Acknowledgements

  1. Top of page
  2. Summary
  3. Materials and methods
  4. Results
  5. Discussion
  6. Acknowledgements
  7. Author contributions
  8. Conflict of interest
  9. Appendix I
  10. References

We thank Richard Aplenc, Alix Seif, Ed Behrens and John Maris for their critical review of the manuscript and Rachel Hammond for assistance with statistical analyses. This work was supported in part by the XLP Research Trust (KEN).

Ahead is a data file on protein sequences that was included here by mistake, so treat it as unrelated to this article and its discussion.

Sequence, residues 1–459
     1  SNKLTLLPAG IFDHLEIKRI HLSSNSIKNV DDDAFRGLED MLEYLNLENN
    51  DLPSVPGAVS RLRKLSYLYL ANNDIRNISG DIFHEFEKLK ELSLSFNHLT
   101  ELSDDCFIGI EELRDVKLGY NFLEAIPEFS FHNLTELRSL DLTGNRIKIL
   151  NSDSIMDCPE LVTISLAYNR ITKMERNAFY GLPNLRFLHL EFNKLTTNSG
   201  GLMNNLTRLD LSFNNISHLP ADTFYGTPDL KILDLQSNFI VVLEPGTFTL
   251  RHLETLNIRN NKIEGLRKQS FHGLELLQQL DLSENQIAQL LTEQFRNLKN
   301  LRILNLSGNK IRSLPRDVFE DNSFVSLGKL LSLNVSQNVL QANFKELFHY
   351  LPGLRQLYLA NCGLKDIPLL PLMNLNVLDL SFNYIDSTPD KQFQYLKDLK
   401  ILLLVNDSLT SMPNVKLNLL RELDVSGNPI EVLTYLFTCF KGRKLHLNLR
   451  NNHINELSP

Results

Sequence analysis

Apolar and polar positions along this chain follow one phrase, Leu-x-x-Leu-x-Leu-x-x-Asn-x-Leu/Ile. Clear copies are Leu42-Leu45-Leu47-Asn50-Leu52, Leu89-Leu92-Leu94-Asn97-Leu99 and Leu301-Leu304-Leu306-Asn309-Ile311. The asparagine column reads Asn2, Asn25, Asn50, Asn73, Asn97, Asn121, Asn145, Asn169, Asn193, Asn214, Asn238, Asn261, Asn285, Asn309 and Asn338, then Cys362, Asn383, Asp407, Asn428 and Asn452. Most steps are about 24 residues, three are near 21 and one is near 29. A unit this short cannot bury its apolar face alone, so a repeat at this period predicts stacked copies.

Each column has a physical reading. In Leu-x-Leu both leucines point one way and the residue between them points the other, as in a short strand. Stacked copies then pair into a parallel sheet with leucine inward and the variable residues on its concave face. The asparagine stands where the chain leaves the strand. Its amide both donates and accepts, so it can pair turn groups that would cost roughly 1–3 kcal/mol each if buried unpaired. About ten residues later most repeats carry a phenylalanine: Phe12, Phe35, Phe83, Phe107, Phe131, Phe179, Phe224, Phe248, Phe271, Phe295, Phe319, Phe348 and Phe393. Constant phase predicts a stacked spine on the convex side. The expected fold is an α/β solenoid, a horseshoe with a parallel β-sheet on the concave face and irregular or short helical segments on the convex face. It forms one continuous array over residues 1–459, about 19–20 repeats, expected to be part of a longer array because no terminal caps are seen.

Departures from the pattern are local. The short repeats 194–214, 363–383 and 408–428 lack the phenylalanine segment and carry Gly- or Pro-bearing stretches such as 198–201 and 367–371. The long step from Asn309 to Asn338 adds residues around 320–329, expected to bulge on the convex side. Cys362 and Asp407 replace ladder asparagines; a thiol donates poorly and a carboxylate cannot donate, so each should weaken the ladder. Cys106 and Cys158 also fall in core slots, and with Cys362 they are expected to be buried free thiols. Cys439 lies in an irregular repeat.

Author contributions

  1. Top of page
  2. Summary
  3. Materials and methods
  4. Results
  5. Discussion
  6. Acknowledgements
  7. Author contributions
  8. Conflict of interest
  9. Appendix I
  10. References

D.C. designed the research, analysed data and wrote the manuscript. S.W. and K.Z. collected and analysed data. R.D. assisted with data interpretation and preparation of figures. H.Z. completed statistical analyses. K.E.N. oversaw all analyses, and edited and revised the manuscript.

Appendix I

  1. Top of page
  2. Summary
  3. Materials and methods
  4. Results
  5. Discussion
  6. Acknowledgements
  7. Author contributions
  8. Conflict of interest
  9. Appendix I
  10. References